Also providing input on the sensory room was Mrs. Diane Conboy who engineered the Laning Avenue sensory room space. Mrs. Thomas noted that Mrs. Conboy was an invaluable resource in terms of purchasing materials, transporting equipment and ultimately helping to set up the room during the summer. Mrs. Conboy also provided support and feedback to determine which materials and equipment would be useful along with introducing Mrs. Thomas to Ms. Hannah Brandt, a Verona High school alumni and owner of Hannah Jo Designs. Ms. Brandt provided ideas regarding the layout and color of the room. She also listened to ideas for the room’s design and equipment arrangement and then used software to visually create the prototype for the space.
Another valuable contributor to the H.B.W. sensory room has been Ms. Julia Harth, the technology education teacher at H. B. W. It was a conversation between Mrs. Thomas and Ms. Harth about involving the students in making items for the sensory room that led to the most creative and exciting part of this project. Ms. Harth proposed the idea of involving her 6th grade technology education students in the sensory room through her yearly Shark Tank project. The basic premise would be the same as the television show. Small groups of students would create a company and come up with cost effective, sensory equipment that could be made and used in the sensory space. The students would then present their product to a team of “sharks”, made up of teachers and administrators, who would decide if the sensory product would get funded.
Ms. Harth presented the idea to the 6th grade students who were thrilled to be a part of the process. “Students always seem to enjoy this project, especially since it’s modeled after the show. This particular challenge really inspired several of the teams. They were also thrilled at the idea of actually having their products manufactured for use in the sensory room”, stated Harth. The end result, some amazing and creative ideas from the students that really hit the mark.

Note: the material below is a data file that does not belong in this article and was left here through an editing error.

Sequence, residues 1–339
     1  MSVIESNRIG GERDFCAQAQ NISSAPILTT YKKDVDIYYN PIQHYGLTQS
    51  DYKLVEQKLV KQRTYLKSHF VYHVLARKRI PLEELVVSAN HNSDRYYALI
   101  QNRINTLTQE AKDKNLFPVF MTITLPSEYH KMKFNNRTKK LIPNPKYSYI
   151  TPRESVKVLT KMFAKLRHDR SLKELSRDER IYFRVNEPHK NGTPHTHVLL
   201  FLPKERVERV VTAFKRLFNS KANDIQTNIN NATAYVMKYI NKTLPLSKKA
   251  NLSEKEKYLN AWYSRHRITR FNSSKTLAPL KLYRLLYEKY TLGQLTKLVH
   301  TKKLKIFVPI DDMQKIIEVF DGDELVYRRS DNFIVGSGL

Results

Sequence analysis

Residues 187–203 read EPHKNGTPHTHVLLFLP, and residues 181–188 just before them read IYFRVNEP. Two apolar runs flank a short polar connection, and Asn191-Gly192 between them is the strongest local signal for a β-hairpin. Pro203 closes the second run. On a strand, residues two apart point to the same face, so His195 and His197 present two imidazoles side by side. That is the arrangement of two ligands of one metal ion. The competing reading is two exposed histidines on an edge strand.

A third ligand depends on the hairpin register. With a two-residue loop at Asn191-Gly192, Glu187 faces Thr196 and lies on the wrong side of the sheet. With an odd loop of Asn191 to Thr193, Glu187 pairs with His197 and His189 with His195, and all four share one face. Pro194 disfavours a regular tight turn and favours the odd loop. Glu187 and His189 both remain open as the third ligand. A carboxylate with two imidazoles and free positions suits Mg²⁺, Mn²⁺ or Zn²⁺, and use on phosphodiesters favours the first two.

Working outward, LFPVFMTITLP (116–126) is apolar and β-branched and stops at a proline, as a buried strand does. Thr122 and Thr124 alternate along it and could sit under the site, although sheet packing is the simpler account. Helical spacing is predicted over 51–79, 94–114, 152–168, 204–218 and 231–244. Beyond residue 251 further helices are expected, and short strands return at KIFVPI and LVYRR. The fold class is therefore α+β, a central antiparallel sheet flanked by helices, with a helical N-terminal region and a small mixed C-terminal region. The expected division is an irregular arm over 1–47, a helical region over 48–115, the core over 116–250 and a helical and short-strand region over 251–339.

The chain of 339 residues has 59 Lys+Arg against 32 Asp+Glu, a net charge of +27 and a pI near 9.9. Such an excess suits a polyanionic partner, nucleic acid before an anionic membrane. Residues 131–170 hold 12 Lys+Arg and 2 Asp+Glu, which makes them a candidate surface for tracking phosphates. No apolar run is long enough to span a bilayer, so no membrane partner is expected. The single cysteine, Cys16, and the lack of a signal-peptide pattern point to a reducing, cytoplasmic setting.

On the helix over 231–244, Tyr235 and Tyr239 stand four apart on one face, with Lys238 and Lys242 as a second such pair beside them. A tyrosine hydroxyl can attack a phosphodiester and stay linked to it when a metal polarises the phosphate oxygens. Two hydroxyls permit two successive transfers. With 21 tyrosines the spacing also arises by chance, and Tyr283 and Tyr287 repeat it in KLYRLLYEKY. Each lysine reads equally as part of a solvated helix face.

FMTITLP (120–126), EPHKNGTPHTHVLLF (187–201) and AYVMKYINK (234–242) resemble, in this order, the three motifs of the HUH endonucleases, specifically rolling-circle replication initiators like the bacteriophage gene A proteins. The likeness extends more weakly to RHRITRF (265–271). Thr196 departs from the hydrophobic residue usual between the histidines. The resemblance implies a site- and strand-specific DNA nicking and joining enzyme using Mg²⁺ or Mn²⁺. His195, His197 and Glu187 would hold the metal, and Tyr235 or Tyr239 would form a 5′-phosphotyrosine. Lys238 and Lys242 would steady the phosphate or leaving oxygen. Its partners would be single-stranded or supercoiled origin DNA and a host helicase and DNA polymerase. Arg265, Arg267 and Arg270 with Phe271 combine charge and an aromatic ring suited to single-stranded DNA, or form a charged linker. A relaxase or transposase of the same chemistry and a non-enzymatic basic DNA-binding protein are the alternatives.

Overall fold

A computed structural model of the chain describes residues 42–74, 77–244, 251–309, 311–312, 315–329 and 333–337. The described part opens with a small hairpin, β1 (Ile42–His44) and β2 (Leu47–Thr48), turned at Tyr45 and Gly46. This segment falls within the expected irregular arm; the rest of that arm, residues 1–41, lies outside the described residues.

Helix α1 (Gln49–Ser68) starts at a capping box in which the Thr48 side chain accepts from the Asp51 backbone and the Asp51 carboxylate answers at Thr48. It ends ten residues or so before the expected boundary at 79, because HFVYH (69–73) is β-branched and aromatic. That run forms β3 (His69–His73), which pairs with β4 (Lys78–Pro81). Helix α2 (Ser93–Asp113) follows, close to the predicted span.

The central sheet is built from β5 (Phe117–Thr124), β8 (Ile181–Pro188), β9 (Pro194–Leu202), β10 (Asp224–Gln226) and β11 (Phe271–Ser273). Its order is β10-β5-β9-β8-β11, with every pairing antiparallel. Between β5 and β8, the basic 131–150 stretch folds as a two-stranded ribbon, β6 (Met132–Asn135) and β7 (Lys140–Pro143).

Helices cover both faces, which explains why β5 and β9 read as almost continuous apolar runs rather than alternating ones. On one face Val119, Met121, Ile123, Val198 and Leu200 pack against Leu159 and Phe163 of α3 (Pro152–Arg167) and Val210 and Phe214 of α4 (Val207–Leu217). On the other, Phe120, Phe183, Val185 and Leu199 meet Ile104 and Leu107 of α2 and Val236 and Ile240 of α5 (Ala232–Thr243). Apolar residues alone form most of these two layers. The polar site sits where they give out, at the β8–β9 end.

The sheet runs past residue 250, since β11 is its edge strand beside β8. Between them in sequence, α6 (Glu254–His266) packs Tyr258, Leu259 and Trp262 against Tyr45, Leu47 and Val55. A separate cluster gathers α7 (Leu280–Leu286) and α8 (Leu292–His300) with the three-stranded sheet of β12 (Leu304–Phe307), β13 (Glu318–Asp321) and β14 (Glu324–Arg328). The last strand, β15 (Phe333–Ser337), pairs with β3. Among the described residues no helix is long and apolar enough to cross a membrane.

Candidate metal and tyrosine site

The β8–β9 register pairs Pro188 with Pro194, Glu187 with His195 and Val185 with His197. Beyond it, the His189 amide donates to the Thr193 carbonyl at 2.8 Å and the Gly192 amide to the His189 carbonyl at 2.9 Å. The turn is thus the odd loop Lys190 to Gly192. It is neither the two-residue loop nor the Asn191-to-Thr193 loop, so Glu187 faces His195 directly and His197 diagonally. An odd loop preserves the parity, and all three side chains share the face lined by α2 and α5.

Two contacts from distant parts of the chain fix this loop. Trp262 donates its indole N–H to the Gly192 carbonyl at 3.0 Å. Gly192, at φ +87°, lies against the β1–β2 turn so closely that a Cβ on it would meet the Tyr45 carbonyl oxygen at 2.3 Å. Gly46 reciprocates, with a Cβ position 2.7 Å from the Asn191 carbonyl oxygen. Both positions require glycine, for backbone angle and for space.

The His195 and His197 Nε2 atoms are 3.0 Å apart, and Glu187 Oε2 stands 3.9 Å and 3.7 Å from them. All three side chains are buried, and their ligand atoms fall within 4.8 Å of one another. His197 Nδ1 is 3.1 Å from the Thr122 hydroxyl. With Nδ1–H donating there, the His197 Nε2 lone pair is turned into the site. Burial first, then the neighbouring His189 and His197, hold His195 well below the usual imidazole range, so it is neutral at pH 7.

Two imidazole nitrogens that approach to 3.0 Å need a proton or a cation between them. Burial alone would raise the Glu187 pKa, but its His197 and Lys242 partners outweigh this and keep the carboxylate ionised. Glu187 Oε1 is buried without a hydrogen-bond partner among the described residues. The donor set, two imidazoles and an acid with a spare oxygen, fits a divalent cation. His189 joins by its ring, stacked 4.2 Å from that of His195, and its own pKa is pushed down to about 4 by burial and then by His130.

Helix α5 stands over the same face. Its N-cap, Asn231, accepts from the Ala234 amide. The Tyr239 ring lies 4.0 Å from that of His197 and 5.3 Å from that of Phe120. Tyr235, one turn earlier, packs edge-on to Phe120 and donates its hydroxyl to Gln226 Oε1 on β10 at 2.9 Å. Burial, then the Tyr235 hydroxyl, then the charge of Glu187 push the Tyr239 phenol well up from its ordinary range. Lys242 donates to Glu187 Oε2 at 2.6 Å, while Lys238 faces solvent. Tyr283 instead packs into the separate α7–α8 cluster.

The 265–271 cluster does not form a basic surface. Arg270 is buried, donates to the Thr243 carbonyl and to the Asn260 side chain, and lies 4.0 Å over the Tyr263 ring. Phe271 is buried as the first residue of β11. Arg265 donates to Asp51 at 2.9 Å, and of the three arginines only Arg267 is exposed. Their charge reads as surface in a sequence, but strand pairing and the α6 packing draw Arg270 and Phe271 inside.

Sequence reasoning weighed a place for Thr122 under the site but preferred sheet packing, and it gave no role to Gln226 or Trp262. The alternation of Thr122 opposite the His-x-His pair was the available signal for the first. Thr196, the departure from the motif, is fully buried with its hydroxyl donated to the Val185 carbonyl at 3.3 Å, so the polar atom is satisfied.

Student projects included The Firefly 1.0, a small, lighted drone that is placed in a jar and flown by a student for relaxation. Estimated cost is $40 to $60. Another student group created a product called Lap Feels, which is a portable lap desk with a variety of textures that are velcroed to the top of the desk. These textures can be used to soothe student stress or anxiety. Estimated cost is $20 to $25. One student “company” even included a tagline, “If you are stressed leave it to the best!” Their product was called the Texture Board, which is a wall-mounted board with multiple textures attached such as mermaid fabric, memory foam and marbles. In the end, there were 5 winning student groups selected by the sharks. Mrs. Thomas and Mrs. Harth were both very impressed with the amount of work and research conducted by the students. They were also delighted when The Verona Foundation for Educational Excellence (VFEE) approved their $500 grant request to fund the students’ projects. The plan is to add the sensory equipment to the space once the projects are built by students.
Mrs. Thomas took me into the sensory room for a quick visit. Currently the swing, a large bean bag island, a bubble machine and some tactile items are providing effective sensory breaks or “brain breaks” for the students. There is also an image projector which casts soothing images onto the wall. Recently Verona C.H.I.L.D. provided funding for new wheels for the projector so students can enjoy a greater variety of relaxing images. This item has been popular amongst students because it can positively impact their mood as it encourages conversation.
The H.B.W. sensory room is used each school day for a variety of purposes. Some students earn the room as their reward for regulating their behaviors. Other students participate in a social language group in the room. Guidance counselors, the Student Assistance Counselor, special education teachers, Child Study Team members and paraprofessionals all have access to the room, so any student who needs a safe, calming space can go utilize the room. Mrs. Thomas noted, “When a student is experiencing anxiety, sensory overload or seeking opportunities to regain focus, the sensory room provides a safe zone in which students can regain focus and calm.”